Tag: Sports governance

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Sports

Dolphins owner appalled by bullying scandal

Miami Dolphins guard Richie Incognito (68) and tackle Jonathan Martin (71) stand on the field during an NFL football practice in Davie, Fla. (AP Photo/Lynne Sladky, File) by Fred GoodallAP Sports Writer TAMPA, Fla. (AP) – Miami Dolphins owner Stephen Ross has broken his silence on the bullying scandal that has engulfed his team, saying he’s appalled by Jonathan Martin’s allegations of daily harassment by teammates. Ross said he plans to meet with Martin on Wednesday at an undisclosed location and that he has been in touch with the tackle by text. ” I look forward to meeting with Jonathan Martin, discovering the facts,” Ross said.

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Opinion

‘Whitewashing’ by Black NFL players must stop

Dear Editor: In the Black community the Black professional athlete is often seen as a hero and role model. They are viewed as individuals who have overcome the barriers of poverty and racism.Some of these athletes make millions of dollars while other athletes make a comfortable living. Being a professional athlete affords many liberties that the average person does not have. The most important of these liberties is the ability to speak out and be heard. Some of our greatest athletes of the past used these liberties to help the civil rights movement. It appears that some Black NFL players of today use these same liberties to “whitewash” racist rants made by White teammates. For example, when Philadelphia Eagle wide-receiver Riley Cooper viciously used the -n- word at a Kenny Chesney concert, many Black players rushed to his defense.

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Sports

Richie Incognito, Jonathan Martin, and the NFL’s future

Miami Dolphins guard Richie Incognito (68) and tackle Jonathan Martin (71) stand on the field during an NFL football practice in Davie, Fla. (AP Photo/Lynne Sladky, File) (CNN) — Allegations of racial slurs and threats of violence against Dolphins linemate Jonathan Martin have left Pro Bowler Richie Incognito suspended from the Miami Dolphins and sparked widespread chatter about just what kind of behavior is tolerated in the NFL.

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Sports

Majority-woman crew officiates D-2 football game

Women referees, from left, back judge Krystle Apellariz, field judge Sebrina Brunson, head linesman Yvonda Lewis and line judge Tangela Mitchell pose for a portrait prior to the start of an NCAA college football game between Lane College and Miles College in Fairfield, Ala., Thursday, Oct. 24, 2013. (AP Photo/Dave Martin) by John ZenorAP Sports Writer BIRMINGHAM, Ala. (AP) — The officials sprinted around the field keeping order, throwing flags and even telling the Miles College band to hush once. It was a typical college football game Thursday night except that four of the seven people wearing the black-and-white stripes were women. The Southern Intercollege Athletic Conference billed the Miles-Lane game as the first majority-female officiating crew for an NCAA game.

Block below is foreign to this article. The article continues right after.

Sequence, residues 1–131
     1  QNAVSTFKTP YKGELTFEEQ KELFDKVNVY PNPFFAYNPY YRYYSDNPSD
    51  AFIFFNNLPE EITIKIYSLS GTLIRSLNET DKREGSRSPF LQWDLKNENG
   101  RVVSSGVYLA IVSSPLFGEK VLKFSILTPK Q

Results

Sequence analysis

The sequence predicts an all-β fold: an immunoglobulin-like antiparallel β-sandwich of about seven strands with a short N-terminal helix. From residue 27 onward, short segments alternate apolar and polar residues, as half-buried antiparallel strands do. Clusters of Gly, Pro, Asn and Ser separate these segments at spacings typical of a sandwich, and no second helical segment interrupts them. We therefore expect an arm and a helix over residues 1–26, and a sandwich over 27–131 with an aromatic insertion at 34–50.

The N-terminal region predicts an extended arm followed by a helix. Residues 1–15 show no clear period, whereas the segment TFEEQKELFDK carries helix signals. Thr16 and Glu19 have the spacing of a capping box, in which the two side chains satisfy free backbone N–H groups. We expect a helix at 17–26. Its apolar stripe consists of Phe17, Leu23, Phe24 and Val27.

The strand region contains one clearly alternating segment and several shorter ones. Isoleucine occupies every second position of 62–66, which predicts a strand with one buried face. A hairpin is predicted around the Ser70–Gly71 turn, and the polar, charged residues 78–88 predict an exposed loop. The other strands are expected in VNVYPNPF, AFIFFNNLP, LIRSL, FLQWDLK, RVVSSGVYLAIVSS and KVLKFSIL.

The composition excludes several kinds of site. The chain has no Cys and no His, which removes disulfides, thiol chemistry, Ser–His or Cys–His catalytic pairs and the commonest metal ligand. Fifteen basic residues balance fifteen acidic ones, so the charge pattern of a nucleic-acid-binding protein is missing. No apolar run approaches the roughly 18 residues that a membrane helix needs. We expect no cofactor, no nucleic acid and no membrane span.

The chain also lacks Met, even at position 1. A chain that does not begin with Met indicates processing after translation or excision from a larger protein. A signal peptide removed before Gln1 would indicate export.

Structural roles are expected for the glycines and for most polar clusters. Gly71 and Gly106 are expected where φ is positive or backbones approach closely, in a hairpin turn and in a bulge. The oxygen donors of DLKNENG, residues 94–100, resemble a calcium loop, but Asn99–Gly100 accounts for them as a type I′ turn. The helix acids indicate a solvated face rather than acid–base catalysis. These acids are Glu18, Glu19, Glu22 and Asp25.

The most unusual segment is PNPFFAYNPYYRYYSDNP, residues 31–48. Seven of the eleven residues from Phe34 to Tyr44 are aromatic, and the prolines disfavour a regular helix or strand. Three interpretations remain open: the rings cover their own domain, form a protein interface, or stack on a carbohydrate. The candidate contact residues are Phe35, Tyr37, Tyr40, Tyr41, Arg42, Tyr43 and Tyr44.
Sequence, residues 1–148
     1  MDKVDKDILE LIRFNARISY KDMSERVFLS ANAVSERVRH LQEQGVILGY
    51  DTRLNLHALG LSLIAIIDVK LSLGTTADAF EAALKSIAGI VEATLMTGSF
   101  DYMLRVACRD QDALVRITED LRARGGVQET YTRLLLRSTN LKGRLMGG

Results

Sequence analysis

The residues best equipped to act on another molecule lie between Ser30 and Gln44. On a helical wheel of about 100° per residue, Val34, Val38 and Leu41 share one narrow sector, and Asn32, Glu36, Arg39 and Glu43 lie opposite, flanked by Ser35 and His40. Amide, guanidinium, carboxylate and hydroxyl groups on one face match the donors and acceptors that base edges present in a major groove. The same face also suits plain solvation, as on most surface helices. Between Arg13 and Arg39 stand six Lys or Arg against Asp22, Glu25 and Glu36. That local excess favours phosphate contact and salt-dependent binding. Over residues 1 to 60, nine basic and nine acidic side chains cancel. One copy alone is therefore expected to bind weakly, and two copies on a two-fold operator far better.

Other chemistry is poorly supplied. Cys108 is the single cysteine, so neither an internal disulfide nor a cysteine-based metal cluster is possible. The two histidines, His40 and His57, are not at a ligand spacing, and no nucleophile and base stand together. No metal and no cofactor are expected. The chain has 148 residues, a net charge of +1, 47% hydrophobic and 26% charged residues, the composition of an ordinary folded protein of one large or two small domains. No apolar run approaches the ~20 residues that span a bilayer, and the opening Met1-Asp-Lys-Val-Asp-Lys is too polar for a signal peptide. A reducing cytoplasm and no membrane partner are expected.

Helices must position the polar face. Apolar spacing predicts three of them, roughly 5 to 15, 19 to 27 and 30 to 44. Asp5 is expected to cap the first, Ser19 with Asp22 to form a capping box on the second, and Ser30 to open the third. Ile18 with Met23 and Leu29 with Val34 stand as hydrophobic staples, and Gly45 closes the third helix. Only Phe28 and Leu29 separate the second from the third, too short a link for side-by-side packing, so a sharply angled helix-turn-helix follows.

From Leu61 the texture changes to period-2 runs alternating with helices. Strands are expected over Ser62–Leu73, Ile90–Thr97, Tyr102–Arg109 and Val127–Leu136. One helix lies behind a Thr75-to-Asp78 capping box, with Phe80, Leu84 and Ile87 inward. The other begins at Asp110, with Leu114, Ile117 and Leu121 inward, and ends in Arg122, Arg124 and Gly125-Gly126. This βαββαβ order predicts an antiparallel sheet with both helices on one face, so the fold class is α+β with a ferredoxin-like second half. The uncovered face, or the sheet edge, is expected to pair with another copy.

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Sports

Jason Collins came out; NBA should let him play

In this photo provided by ABC, NBA basketball veteran Jason Collins, left, poses for a photo with television journalist George Stephanopoulos, Monday, April 29, 2013, in Los Angeles. (AP Photo/ABC, Eric McCandless) by Jeff Pearlman (CNN) — It was merely a dream, wasn’t it? That whole Jason Collins thing of six months ago — never happened, right? The headline news of his becoming the first openly gay active male professional athlete in a team sport. The Sports Illustrated cover. The supportive tweets from everyone ranging from Barack Obama and Bill Clinton to Jason Kidd and LeBron James. The interviews. The raves (“Game-changing!”). The altered landscape.

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Sports

NCAA to restore Penn State football scholarships

In this March 30, 2012 file photo, former Senate Majority Leader George Mitchell acknowledges the crowd after speaking at a campaign stop for President Obama at Southern Maine Community College in South Portland, Maine. (AP Photo/Robert F. Bukaty, File) by Mark ScolforoAssociated Press Writer HARRISBURG, Pa. (AP) — Penn State will gradually get back football scholarships taken away over the Jerry Sandusky child molestation scandal, the NCAA announced Tuesday, crediting the university for making significant improvements to its athletics programs. Five scholarships will be restored next year and more will be phased in until the school reaches normal totals in 2016-17, college sports’ governing body said. The NCAA said the decision was based on the recommendation of former U.S. Sen. George Mitchell, who has been serving as Penn State’s athletics integrity monitor.